The guys in the maintenance hangar are working on an outside customer's airplane. It's a Beaver, not one of those stunning privately owned amphibs with a spotless retro paint job and a millionaire owner, but a working airplane, company logo on the tail and oil streaked all over the cowling. There's a joke that you don't have to teach the routes to a new hire at a bush company. They can just follow the trails of oil from place to place, left by the Beavers.
Maintenance folk always seem to like working on Beavers. I guess it's nostalgia and respect for the famous workhorse. And I guess they aren't too fiddly. I've flown the Beaver. I've also flown a Found, one of the recent attempts to replace the Beaver. Yeah, not there yet. And it's not as if most Beavers need replacing, just a little end of season TLC. I say something about the amount of grease on the airplane as I go by. They're quiet, probably trying not to bust a gut from accidental innuendo. We're not unaware that Americans use Beaver as a slang word for female genitals, but for me it's a great airplane, our national animal, the symbol on the nickel and a big chunk of our history first. It was trade in beaver pelts that drove the early Canadian exploration and economy.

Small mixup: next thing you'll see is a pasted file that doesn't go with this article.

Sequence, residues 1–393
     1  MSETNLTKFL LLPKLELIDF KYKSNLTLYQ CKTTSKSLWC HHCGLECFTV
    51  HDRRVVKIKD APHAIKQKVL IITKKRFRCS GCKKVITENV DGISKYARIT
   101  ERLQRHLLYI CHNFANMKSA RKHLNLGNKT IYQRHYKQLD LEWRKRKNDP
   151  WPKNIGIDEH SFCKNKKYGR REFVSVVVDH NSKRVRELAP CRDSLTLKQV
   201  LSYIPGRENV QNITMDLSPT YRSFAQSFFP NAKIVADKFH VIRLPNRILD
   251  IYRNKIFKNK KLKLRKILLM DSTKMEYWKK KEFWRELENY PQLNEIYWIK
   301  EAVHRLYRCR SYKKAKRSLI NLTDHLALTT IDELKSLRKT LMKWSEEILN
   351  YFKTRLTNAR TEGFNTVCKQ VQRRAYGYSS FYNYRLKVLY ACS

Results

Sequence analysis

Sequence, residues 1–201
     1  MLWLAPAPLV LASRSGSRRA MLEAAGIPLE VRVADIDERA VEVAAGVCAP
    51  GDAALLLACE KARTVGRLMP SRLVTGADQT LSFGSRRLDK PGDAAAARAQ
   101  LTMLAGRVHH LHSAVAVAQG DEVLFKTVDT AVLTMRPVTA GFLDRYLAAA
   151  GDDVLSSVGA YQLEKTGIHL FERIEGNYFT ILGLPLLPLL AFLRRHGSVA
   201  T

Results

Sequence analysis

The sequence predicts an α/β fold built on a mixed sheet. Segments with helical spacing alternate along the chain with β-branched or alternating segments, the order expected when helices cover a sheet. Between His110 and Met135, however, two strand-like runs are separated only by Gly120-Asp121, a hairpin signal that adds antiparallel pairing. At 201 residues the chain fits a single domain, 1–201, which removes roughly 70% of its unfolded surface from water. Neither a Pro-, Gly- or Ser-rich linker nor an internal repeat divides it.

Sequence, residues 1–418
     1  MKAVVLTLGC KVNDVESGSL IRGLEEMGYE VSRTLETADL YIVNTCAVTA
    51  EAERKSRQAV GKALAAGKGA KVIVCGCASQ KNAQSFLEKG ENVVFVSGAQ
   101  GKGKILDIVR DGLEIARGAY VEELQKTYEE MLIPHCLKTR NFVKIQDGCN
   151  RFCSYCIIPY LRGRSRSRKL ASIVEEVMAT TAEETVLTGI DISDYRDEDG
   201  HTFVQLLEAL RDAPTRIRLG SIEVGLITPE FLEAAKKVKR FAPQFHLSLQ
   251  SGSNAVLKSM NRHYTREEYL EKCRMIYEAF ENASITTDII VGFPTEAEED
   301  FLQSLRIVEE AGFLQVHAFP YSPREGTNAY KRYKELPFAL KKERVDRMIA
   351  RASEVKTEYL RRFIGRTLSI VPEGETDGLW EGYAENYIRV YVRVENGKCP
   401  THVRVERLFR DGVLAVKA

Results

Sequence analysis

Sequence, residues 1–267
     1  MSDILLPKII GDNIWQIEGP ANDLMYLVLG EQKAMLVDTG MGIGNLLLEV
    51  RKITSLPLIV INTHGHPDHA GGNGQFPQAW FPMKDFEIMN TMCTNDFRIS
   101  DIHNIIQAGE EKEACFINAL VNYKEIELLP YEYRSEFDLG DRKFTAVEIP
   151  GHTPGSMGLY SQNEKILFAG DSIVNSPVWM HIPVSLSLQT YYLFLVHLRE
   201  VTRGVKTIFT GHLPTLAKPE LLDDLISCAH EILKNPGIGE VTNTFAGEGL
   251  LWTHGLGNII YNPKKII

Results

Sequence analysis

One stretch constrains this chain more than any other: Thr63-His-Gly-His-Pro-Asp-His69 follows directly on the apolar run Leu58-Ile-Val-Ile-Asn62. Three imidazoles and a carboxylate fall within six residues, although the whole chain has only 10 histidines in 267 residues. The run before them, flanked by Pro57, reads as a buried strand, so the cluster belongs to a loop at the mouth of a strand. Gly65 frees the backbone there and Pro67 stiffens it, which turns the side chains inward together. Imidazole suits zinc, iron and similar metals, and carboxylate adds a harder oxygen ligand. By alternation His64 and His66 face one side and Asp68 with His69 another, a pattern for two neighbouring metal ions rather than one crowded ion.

They were used to make hats, and the pre-worn greasy ones, castor gras were the most valuable.
Last time I saw a privately-owned one it was parked between me and the FBO. As I walked by, admiring it, a man in his sixties asked, "What are you grinning at?"
"Pretty airplane," I said, as though it weren't self-explanatory.
"We come with it," said another man.
You know, if you wanted to get picked up by rich, self-confident men, an airport would not be a bad place to hang out.